Yeah, I know better.

1.  Write first.  What relief I would have felt, had I given myself an hour, even, to get that one scene down before trying to work on other things.

2. Not let interruptions begin, in the first placeBad, leather chair, bad.   Sounds like I’m kidding, but fact is, this chair is aimed at the tv, in a room crowded with the boys’ toys, causing stifling chi even when the tv is off.  I know this to be true.  The trick is to know yourself and not invite the disaster in to begin with.  I should have begun the day in the room where I knew I worked more productively.

3. Don’t worry what other people think.  I started my day in the family room because I was waiting for the boys’ dad to pick them up. He would have taunted me for “sitting in bed all day” if I’d been working in my room when he got there.  So what?  I should have done what I knew to be best, regardless.

4. When you get in a rut, break it right away. Okay, so yeah, it was hysterical seeing the crazed big man stuck in the passenger window of his car, fighting to keep the tow truck driver from pulling away.  But, yo.  As I procrastinated into the third episode of Miami Towing?  Take a hint.  Break the trance.  Go for a run.  Go to that movie with the boys.  Do anything — but don’t let the procrastination take over.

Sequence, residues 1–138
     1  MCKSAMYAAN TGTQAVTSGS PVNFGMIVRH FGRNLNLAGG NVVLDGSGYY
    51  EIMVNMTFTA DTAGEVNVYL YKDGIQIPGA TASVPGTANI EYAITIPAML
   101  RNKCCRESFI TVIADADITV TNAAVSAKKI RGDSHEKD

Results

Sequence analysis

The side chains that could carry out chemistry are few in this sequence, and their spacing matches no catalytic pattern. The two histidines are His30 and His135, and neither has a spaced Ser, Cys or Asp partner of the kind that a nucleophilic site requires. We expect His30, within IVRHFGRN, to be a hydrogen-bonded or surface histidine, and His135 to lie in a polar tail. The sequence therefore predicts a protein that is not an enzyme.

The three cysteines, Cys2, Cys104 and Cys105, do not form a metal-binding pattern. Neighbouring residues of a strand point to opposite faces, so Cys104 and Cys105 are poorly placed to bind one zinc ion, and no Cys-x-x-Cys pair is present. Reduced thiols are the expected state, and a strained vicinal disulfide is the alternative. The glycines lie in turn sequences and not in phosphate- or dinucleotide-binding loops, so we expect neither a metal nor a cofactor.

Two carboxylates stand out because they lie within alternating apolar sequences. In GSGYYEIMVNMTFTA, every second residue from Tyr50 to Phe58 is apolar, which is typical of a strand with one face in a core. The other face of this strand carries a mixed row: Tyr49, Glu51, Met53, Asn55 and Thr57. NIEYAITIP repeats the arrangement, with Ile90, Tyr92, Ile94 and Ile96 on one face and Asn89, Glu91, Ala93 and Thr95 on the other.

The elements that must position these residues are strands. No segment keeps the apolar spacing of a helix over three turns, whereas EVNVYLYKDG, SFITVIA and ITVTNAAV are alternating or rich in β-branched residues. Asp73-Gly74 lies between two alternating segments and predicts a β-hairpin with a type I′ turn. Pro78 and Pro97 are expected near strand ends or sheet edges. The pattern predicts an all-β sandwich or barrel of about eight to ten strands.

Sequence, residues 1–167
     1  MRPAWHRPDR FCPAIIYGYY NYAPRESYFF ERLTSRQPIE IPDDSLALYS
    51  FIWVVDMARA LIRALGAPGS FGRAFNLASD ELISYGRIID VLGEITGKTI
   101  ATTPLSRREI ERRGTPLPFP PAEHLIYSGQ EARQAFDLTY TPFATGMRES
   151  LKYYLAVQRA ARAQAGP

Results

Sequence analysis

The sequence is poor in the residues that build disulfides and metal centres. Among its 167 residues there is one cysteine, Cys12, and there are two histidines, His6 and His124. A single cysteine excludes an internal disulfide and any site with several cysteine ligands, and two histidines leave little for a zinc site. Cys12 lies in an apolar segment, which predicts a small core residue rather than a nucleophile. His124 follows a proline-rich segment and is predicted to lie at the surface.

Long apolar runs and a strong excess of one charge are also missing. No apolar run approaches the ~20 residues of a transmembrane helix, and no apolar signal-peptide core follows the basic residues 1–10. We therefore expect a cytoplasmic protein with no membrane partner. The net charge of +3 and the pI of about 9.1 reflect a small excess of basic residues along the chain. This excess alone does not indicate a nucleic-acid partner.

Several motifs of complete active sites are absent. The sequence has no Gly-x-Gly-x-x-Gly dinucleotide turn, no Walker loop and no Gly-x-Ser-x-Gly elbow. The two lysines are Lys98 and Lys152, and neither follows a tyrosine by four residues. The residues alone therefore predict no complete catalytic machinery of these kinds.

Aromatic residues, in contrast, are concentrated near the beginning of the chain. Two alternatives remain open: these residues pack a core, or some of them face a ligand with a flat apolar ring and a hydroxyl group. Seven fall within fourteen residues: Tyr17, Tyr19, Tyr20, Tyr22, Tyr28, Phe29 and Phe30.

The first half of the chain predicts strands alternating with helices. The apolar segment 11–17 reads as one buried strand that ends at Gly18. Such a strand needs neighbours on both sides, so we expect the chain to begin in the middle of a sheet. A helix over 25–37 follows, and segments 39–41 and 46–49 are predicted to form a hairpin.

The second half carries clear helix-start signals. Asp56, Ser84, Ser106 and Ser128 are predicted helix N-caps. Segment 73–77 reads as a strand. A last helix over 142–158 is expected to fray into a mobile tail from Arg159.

5.  In avoidance mode? Use a timer and break work into 15 or 30 minute increments. Grade 30 minutes, then give 10 to something rewarding, whether that be a break with friends online or reading for the workshop later in the week, or a turn with fiction, getting that new scene down.  Several 30 minute increments would have left me much more productive than the day turned out.

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Worth Reading:  For friends who have been participating in Robert Lee Brewer’s Social Media Platform challenge this month (#mninb on twitter), I’ll end with a link to a great article by Jane Friedman: read this for the great checklist, providing an interesting approach for deciding how to balance time between writing and building platform. Comments following the article are just as insightful.

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Best to all of you, who struggle with the ongoing need to balance writing with the other demands of life.  If you have similar challenges, or insights for what works well for you, I’d love to hear from you in the comments.

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Filed under Novel Writing, Time Management for Writers, Writing Life, Writing Mother